The Texas Baptists Cooperative Program (CP) exists to combine churches’ resources and enable more missions, evangelism and ministry throughout Texas and the world. Cedar Grove Baptist Church in Carthage, TX, embraces that vision.
Last year, Cedar Grove was an outstanding giver to the CP, and according to Senior Pastor Freddy Mason, the church has no intention of slowing down.
Pastored by Mason for the last 52 years, Cedar Grove is passionate about cooperation between Baptist churches in Texas.
“Several years ago, I was preaching on tithing,” Mason said. “It got me thinking, if God’s people are called to tithe, shouldn’t churches do so also? The deacons and I talked about it, and we decided that the Cooperative Program would be a great place to start if we wanted to give as a church. We knew we were small, but we thought, how much more could we accomplish if we joined together with other churches?”
Cedar Grove faithfully gives its time and money to missions both at home and abroad. Some of the ministries it supports include Mission Carthage, STCH Ministries and Operation Christmas Child. The Cedar Grove Missions Team has also gone on mission trips in many Central American countries, including Guatemala, El Salvador and Mexico.
Not only has Cedar Grove given faithfully to the CP for many years, but they also have been involved with Texas Baptists through in-state mission endeavors.
Last fall, the late Daniel Rangel, then-director of the Texas Baptists River Ministry and Mexico Missions who passed away in October, spoke to Cedar Grove about needs on the Texas-Mexico border.
“I have to be honest. I’m a conservative man both politically and biblically,” said Mason. “So I wasn’t sure what to make of the refugee crisis on the border. But when Daniel came and opened my eyes to the physical and spiritual suffering there, I felt my heart change. All people count. Everyone matters.”
After hearing from Rangel, Cedar Grove sent a group of adults, students and children nearly nine hours south to a refugee camp in McAllen, TX. Before the team left, Cedar Grove held a church wide packing party where 1,000 hygiene kits were assembled for refugees on the border.
“When we got down there, we brought these kits and were so proud of them,” said Cedar Grove Youth Pastor John Pages. “Then we realized the need was so great that each kit had to be shared by an entire family. It was a really eye-opening experience, not only to see how much is needed on the border, but also how we take so many little things for granted like having deodorant or soap.”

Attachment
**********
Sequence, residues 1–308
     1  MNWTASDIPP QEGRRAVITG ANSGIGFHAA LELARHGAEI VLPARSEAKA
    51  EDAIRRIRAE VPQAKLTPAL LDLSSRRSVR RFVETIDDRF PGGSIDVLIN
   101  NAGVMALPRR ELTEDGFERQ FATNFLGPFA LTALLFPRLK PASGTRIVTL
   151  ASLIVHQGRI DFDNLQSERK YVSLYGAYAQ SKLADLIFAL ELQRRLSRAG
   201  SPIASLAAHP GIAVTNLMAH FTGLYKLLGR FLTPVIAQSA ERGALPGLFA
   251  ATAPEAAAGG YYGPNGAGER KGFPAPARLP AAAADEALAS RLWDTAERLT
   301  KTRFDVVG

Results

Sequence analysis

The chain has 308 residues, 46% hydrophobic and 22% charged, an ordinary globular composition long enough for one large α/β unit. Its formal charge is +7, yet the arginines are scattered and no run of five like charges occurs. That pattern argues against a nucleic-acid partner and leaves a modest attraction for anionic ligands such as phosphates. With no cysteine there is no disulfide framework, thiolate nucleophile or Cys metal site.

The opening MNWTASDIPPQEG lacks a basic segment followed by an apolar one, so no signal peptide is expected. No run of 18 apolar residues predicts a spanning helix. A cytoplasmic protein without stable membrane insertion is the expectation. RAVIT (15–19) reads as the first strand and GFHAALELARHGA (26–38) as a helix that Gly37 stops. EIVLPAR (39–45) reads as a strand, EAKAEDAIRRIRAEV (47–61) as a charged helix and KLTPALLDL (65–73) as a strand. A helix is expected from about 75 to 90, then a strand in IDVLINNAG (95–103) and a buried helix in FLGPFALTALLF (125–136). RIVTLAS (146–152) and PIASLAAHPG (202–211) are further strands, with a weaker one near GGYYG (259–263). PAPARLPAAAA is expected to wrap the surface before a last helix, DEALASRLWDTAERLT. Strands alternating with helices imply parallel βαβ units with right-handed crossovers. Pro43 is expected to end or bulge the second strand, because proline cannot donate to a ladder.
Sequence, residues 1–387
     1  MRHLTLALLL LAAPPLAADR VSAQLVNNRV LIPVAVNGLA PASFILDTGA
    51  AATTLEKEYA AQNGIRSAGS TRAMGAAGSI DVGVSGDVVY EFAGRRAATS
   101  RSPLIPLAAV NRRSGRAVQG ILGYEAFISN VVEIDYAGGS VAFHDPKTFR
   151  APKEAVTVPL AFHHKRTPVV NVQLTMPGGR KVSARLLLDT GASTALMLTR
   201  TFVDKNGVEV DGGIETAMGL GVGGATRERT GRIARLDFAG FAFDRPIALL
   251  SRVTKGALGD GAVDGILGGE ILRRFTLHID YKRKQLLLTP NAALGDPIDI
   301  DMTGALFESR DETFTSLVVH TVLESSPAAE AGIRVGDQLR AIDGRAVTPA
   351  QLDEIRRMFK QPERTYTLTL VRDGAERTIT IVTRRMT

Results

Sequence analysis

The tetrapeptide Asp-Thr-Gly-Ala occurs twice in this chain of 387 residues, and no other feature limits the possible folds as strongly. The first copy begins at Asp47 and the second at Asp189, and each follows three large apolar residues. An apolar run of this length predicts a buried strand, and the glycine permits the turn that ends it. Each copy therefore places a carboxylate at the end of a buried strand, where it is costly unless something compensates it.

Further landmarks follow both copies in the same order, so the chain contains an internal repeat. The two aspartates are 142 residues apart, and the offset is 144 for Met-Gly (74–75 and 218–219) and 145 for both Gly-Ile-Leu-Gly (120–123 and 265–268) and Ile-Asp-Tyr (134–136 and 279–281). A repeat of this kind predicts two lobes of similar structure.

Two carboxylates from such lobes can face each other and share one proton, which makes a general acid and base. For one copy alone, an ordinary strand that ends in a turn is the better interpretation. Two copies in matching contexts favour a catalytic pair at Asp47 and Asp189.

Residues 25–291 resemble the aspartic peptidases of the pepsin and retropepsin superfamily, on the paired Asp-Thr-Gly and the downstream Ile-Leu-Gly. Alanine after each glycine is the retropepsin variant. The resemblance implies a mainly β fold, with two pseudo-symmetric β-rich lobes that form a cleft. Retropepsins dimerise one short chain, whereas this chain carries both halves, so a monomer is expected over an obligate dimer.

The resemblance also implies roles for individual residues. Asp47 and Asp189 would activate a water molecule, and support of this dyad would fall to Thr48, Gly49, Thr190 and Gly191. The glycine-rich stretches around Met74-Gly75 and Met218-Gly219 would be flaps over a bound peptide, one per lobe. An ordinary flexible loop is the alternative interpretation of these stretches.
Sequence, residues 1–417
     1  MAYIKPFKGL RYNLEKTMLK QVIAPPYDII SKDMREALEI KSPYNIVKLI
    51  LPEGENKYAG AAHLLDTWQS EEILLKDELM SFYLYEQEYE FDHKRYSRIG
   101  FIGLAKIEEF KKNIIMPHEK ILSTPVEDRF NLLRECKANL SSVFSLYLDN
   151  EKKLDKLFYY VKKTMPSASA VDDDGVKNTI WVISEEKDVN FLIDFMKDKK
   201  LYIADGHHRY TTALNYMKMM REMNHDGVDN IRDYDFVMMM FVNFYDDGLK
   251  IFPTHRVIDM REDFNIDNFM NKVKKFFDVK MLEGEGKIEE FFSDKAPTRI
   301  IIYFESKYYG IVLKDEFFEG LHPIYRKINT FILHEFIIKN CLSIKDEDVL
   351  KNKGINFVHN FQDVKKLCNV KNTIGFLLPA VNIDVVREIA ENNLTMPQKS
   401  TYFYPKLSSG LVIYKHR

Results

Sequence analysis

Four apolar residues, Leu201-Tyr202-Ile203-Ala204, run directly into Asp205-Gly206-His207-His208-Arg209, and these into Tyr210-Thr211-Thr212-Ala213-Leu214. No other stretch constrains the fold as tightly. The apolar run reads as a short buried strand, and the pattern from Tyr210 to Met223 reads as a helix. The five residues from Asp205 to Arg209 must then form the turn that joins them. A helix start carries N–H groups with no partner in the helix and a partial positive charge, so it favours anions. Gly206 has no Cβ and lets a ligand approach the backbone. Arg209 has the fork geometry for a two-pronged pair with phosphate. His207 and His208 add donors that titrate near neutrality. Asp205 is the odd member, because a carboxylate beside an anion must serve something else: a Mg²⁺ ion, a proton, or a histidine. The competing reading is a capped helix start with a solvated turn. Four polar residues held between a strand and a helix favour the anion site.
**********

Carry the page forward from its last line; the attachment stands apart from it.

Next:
The Cedar Grove team worked in McAllen for six days, providing for both the physical and spiritual needs of refugees and learning about God’s heart for all His people.
Cedar Grove has been faithfully giving and going since it was founded.
Planted in 1905 by a group of mission-minded believers, the church was one of three in the Carthage area at the time. In 1935, the congregation funded the construction of a one-room, wood stove-heated building to host all the church’s services.
Cedar Grove continued throughout the mid-20th century with few modern conveniences. The church building lacked running water, bathroom facilities, air conditioning and a baptistry, but the congregation remained passionate about the Gospel.
In 1967, God called Mason to pastor Cedar Grove.
“The church asked me to be their pastor, and I was surprised because I was still in college,” Mason explained. “I didn’t think that anyone would want me that quickly. I had spent a long time running from God’s call, but at that point in time, I knew ministry was where He wanted me, so I took the job.”
Since then, both the Cedar Grove church building and family have grown significantly.
“Some Sunday school rooms were added to the building when I came,” said Mason. “And many other renovations have been made. Our facilities are much better now. They work well for us.”
For many years, Mason was a bivocational pastor, something that created both challenges and blessings for the Cedar Grove congregation.
“I think having a bivocational pastor helped Cedar Grove members realize they must share in ministry. Many members took it upon themselves to provide food for the sick, teach lessons and serve. They still do that even though I now work full-time as a pastor,” said Mason. “They learned to love their neighbor as they served one another and God.”
Mason explained that Cedar Grove’s continued passion for service, missions, and giving is simple.
“When we see the need, we help meet the need,” he said. “Any church that wants to become mission-minded can. You just have to build a mindset that there are people in need. If you look around, you’ll find there are always people who need help.”
Mason is excited to see how members of his church will continue to affect change in God’s kingdom through cooperative efforts with other Texas Baptists.
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